Other filmmakers whose works were shot in New York City before the attacks, however, have been adamant about retaining the buildings.
Director Cameron Crowe never considered removing the World Trade Center from the recently released "Vanilla Sky," a movie with darker themes than his previous works.
The Oscar winner regards his latest effort as "a tribute" to events and defends the skyscraper's inclusion as being consistent with the characters' vision of New York.
"We filmed it a year ago, and the people that were in that building were like the actors in the movie," explained Crowe to PBS talk show host Charlie Rose. "And we made the movie together, and I wanted them to stay."
Likewise, actor-director Edward Burns also refused to alter his film "Sidewalks of New York," which was shot almost entirely in lower Manhattan. (But Burns did agree to change the film's promotional poster, which originally showed Burns and co-star Heather Graham behind the World Trade Center.)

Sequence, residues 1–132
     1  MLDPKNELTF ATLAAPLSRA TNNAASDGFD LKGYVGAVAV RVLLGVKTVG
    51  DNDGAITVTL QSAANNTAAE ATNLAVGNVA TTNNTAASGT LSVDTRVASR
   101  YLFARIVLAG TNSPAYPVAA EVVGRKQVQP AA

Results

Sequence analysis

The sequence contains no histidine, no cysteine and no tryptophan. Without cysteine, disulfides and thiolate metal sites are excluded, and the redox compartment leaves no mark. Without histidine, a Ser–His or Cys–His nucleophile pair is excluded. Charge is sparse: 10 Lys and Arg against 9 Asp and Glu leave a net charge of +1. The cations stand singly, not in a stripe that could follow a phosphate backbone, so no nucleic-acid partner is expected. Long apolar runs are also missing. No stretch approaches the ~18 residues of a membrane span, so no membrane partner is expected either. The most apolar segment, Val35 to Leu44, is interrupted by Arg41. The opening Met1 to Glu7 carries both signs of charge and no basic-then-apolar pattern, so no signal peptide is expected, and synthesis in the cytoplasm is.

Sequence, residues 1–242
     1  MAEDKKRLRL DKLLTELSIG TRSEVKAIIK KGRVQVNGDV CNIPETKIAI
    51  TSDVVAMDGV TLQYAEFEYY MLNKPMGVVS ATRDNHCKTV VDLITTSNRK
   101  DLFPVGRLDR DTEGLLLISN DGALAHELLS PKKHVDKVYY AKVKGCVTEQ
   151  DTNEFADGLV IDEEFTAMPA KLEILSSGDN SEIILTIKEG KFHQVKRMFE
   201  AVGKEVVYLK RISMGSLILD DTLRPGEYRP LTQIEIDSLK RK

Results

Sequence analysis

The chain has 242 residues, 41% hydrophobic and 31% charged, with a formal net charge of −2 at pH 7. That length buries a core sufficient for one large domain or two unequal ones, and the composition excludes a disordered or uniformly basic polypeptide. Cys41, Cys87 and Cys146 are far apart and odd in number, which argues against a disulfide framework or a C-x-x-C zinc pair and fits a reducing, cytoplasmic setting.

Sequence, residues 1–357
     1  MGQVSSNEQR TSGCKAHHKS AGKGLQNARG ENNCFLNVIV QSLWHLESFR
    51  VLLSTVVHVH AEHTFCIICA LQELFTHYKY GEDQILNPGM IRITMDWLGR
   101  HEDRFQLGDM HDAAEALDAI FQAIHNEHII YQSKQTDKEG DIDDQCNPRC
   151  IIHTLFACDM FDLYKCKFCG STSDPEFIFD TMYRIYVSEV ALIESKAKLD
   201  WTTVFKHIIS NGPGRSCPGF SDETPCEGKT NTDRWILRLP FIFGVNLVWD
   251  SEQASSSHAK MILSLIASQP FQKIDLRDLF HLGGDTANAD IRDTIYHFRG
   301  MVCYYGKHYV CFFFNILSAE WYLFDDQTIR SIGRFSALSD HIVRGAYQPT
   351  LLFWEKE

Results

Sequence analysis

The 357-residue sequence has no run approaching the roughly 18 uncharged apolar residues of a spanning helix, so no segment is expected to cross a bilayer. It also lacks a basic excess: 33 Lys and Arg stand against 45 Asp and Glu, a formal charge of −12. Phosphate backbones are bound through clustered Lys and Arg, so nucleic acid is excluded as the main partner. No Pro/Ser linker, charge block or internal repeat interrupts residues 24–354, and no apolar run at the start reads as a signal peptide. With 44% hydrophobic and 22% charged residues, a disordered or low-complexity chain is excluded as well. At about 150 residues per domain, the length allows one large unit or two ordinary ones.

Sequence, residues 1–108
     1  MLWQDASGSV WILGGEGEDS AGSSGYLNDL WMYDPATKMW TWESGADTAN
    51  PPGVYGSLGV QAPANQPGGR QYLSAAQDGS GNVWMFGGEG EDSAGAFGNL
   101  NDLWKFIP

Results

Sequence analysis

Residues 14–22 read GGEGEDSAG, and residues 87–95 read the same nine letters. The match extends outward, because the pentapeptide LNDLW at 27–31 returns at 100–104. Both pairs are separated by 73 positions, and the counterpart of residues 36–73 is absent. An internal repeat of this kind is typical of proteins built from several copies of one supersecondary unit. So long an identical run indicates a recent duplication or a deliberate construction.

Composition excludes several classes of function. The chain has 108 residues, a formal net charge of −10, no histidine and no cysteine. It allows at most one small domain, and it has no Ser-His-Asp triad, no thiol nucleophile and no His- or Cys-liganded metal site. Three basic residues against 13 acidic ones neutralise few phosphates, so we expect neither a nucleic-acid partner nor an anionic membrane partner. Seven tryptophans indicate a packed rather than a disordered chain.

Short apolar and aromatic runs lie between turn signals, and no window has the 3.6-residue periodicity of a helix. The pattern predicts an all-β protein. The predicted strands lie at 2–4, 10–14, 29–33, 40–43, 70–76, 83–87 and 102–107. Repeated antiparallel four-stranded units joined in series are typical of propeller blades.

"Nobody wanted to pretend that the towers were never there," Burns told the Baltimore Sun about the romantic comedy released in mid-November. "We just felt strongly that they should stay in [the movie]."
Though a close-up of the buildings may depress some moviegoers, the sight of the gleaming towers has provoked unexpected audience reactions. In "Glitter," a movie otherwise savaged by the critics in September, the lone bright spot was the vision of the twin towers on the big screen and the spontaneous applause that followed, said film critic Jack Mathews, who saw the release days after the attacks.